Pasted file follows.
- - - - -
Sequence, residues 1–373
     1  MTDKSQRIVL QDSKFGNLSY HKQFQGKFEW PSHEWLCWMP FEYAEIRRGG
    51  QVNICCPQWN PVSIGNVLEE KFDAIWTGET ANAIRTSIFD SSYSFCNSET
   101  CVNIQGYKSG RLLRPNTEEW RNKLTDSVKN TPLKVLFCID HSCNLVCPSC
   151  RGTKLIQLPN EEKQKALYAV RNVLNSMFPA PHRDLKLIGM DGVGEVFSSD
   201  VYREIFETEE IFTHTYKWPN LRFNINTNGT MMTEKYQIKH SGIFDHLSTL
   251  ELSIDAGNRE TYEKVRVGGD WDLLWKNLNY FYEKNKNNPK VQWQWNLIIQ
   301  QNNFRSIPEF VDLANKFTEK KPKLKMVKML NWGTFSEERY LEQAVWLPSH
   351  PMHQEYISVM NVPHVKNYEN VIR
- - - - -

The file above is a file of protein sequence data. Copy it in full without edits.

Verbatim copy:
Sequence, residues 1–373
     1  MTDKSQRIVL QDSKFGNLSY HKQFQGKFEW PSHEWLCWMP FEYAEIRRGG
    51  QVNICCPQWN PVSIGNVLEE KFDAIWTGET ANAIRTSIFD SSYSFCNSET
   101  CVNIQGYKSG RLLRPNTEEW RNKLTDSVKN TPLKVLFCID HSCNLVCPSC
   151  RGTKLIQLPN EEKQKALYAV RNVLNSMFPA PHRDLKLIGM DGVGEVFSSD
   201  VYREIFETEE IFTHTYKWPN LRFNINTNGT MMTEKYQIKH SGIFDHLSTL
   251  ELSIDAGNRE TYEKVRVGGD WDLLWKNLNY FYEKNKNNPK VQWQWNLIIQ
   301  QNNFRSIPEF VDLANKFTEK KPKLKMVKML NWGTFSEERY LEQAVWLPSH
   351  PMHQEYISVM NVPHVKNYEN VIR